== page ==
There is a lovely story in the NY TIMES today about this year's group of forty Intel Science Talent search finalists, who will compete in Washington for scholarships that rise to a first prize of $100,000. Readers of the very first chapter of my Memoir will recall that the Intel, originally the Westinghouse, Science Talent Search is a competition for high school seniors, each of whom must take a general science exam and do an original science research project. My faithful readers will also perhaps recall that in 1948, shortly after the competition was inaugurated, my big sister, Barbara, was the grand national girl winner [as they then were called] of the competition.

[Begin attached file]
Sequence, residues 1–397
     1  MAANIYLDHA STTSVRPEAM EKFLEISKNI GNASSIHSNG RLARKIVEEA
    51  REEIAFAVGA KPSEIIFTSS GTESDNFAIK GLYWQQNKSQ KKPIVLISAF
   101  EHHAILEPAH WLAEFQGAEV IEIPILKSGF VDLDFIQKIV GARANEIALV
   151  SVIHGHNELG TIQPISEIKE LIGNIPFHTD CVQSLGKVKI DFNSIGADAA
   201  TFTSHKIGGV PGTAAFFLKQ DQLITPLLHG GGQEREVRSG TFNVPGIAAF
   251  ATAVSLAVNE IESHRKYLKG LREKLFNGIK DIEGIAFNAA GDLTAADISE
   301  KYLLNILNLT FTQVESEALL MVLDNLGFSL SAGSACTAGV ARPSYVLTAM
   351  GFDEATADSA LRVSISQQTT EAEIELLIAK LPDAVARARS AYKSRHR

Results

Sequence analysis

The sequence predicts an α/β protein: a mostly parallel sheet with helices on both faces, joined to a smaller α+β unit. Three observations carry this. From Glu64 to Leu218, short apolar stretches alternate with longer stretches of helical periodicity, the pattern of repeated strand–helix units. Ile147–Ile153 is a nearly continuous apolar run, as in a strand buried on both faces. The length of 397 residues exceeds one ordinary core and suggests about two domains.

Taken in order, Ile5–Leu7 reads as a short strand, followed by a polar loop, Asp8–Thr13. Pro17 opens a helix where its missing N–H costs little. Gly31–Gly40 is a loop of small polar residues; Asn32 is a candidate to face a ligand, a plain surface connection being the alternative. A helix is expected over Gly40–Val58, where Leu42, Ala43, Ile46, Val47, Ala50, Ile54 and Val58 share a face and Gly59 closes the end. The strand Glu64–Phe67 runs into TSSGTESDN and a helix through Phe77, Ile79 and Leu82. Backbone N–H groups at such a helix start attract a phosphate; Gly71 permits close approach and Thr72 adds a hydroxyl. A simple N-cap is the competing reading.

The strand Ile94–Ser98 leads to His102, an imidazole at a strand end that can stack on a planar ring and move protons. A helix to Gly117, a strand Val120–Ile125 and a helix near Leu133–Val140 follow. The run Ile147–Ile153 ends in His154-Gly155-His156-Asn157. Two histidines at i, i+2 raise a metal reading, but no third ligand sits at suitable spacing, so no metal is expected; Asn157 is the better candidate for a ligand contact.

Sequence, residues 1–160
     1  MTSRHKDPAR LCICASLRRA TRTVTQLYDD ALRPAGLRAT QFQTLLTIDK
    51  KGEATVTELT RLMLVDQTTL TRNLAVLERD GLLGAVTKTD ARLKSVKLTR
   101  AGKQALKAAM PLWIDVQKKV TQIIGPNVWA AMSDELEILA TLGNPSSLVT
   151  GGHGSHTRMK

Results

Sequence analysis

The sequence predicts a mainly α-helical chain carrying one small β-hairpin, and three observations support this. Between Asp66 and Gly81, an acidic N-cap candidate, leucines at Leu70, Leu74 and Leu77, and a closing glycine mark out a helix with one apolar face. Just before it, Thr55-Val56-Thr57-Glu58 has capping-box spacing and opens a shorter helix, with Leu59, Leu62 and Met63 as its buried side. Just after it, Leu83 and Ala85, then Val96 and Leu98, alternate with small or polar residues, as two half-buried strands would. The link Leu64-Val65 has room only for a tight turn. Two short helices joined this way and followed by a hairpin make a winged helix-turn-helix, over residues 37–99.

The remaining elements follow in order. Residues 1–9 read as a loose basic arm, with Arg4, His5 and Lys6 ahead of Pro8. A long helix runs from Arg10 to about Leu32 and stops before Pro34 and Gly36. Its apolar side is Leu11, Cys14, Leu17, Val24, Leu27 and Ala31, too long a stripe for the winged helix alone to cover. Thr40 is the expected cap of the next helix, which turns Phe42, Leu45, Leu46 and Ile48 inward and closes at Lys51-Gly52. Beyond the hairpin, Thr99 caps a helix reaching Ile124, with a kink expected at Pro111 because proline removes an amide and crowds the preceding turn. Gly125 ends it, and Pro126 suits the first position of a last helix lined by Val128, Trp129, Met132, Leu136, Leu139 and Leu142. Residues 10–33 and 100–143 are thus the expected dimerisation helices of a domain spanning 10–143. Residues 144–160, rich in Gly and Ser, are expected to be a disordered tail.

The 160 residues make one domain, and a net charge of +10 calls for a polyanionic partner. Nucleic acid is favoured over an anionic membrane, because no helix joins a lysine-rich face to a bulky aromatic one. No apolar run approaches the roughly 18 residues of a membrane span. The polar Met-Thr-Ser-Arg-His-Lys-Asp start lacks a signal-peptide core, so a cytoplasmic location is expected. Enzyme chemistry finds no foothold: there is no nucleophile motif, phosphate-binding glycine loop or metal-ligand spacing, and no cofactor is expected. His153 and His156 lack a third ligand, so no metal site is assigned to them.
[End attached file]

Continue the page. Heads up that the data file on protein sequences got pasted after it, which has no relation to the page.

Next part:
What catches the eye in the TIMES story is the size of the prizes. Barbara, as top winner, was awarded a scholarship of $2400, which actually paid most of her bills for four years at Swarthmore College [from which she graduated with a summa in math, by the way.] The CPI calculator I located online converts that into a tad less than $23,000 in today's depreciated currency, which shows that Intel has indeed upped the prizes dramatically.
But of course the real news is the brief description in the story of the projects the top forty presented to the judges. They all seem to have done work that would have won Nobel prizes or the like half a century ago! The speed with which especially the biological sciences have progressed in that period is truly astonishing.
I often reflect that deeply religious science deniers, who consider it a mark of their faith to insist that evolution is a hoax and the earth only ten thousand years old, completely miss the true wonder of what they consider God's creation.